. Meet at the corner of Poppleton and Forest Glade (behind St.Andrew’s Church) . Pickers, gloves, bags, collection etc. provided courtesy of Open Spaces and Constable Ian Greer (Corporation of London) Good Saturday morning workout! and it makes a huge difference to the environment. Just turn up for whenever or for as long as you can spare! We suggest considering sturdy footwear and long sleeved trousers and tops and perhaps a snack or beverage.
More Anglican than Anarchist: Christian Socialism and the Labour Movement
Speaker: Canon Steven Saxby : Waltham Forest’s very own Red Vicar will speak on the role Christians, including Anglicans, played in the formation of the Labour movement and the Labour Party. The Church Social Union, the Guild of St Matthew and the Church Socialist League all made important contributions to Labour. Stewart Headlam and Conrad Noel, notorious radical clerics, were leaders of a movement which challenged the Church and challenged the Party and was hugely
important to George Lansbury, sometime Labour leader. With reference to how the churches related to other Labour strands, including those inspired by William Morris, Canon Saxby will consider how the churches helped transform the UK at the turn of the last century and how they might again contribute to the social movement politics required to bring real change to Britain today.
Founded in 1996, the News from Nowhere Club challenges the commercialisation and isolation of modern life.
Meetings are monthly on Saturday evenings.
At the Epicentre, West Street, Leytonstone E11 4LJ
7.30pm Buffet (please bring something if you can)
8.00pm Talk & discussion till 10pm & back to buffet
Travel and Access
• Stratford stations & 257 bus
• Leytonstone tube (exit left) & 257/W14 bus
• Overground: Leytonstone High Road, turn right, short walk (from about Feb 2017 – best to check)
• Disabled access
• Car park / Bikes can be brought in
• Quiet children welcome.
• Phone to confirm the talk will be as shown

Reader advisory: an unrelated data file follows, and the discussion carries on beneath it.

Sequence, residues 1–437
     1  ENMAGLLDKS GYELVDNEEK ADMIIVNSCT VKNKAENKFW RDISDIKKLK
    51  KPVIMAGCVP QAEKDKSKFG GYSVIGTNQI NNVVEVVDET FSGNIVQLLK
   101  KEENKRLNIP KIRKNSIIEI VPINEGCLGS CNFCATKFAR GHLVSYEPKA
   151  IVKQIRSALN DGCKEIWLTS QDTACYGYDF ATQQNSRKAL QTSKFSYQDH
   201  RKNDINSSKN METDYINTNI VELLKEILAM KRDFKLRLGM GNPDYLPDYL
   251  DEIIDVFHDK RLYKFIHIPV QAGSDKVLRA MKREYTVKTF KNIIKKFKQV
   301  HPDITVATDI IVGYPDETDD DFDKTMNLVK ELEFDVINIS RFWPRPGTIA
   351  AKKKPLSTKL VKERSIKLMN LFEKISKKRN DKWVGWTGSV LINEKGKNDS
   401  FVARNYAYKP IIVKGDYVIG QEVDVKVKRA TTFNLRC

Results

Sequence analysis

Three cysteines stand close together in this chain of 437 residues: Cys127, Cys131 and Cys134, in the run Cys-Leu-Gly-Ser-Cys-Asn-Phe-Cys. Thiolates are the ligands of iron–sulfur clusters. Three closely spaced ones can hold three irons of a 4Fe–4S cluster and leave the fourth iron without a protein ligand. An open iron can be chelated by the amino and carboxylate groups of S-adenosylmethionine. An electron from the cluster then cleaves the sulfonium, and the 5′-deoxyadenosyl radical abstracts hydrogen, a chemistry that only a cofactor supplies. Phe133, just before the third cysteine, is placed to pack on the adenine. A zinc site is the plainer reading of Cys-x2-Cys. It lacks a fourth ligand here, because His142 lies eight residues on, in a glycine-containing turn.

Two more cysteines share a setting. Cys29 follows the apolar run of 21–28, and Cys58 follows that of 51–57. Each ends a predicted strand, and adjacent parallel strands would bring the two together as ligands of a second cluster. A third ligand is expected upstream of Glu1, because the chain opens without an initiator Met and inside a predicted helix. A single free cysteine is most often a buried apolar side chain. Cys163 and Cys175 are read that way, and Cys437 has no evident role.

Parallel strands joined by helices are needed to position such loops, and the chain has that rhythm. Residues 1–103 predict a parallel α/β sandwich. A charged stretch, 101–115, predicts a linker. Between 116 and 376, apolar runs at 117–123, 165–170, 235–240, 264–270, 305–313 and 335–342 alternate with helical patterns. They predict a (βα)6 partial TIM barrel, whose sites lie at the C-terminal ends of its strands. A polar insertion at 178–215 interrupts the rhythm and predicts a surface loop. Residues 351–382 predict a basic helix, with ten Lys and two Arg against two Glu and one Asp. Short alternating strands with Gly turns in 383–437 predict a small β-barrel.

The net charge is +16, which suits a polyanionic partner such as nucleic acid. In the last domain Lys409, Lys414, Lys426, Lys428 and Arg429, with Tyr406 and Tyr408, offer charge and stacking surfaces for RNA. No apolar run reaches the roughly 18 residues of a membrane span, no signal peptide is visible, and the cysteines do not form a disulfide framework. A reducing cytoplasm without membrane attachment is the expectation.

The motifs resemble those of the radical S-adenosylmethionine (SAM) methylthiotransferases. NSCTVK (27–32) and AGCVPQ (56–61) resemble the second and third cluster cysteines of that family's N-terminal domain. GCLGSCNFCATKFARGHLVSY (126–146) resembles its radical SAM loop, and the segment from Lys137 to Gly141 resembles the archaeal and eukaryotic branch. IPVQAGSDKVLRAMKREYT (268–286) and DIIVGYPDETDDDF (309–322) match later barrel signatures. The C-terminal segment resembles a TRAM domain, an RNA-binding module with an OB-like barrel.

• Meetings open to all – just turn up
• Enquiries 020-8555-5248
Free entry: voluntary donations welcome
One hundred years ago today the battle of the Somme began. The first of July 1916 was the worst day in the history of the British Army with 19,000 dead and 38,000 wounded for advances of between 1 and seven miles. It is quite startling to think that on that day Britain suffered higher casualties than the Suez, Falklands, Northern Ireland, Gulf, Afghanistan and Iraq conflicts combined. The battle of the Somme was one of many such battles in World War One or the Great War as it was known. During four months of the Somme offensive 420,000 British, British Empire and Dominion troops, 195,000 French and 650,000 German troops were killed. The offensive was finally called off in November 1916.
Thousands of soldiers from Leytonstone served in the First World War and many did not return. You can find out more about these men and where they lived at the Leytonstone War Memorial Project.
Like many villages, towns and cities across the country London Borough of Waltham Forest held a service to commemorate the 100th anniversary of the first day of the Somme. The service was attended by the Leader of the Council, Mayor and members of the public. The Western Front Association provided a display of artefacts from the period and blew whistles used to signal the men to go over the top. The Vestry House Museum provided additional documentary material.
Words and pictures by Martin Sepion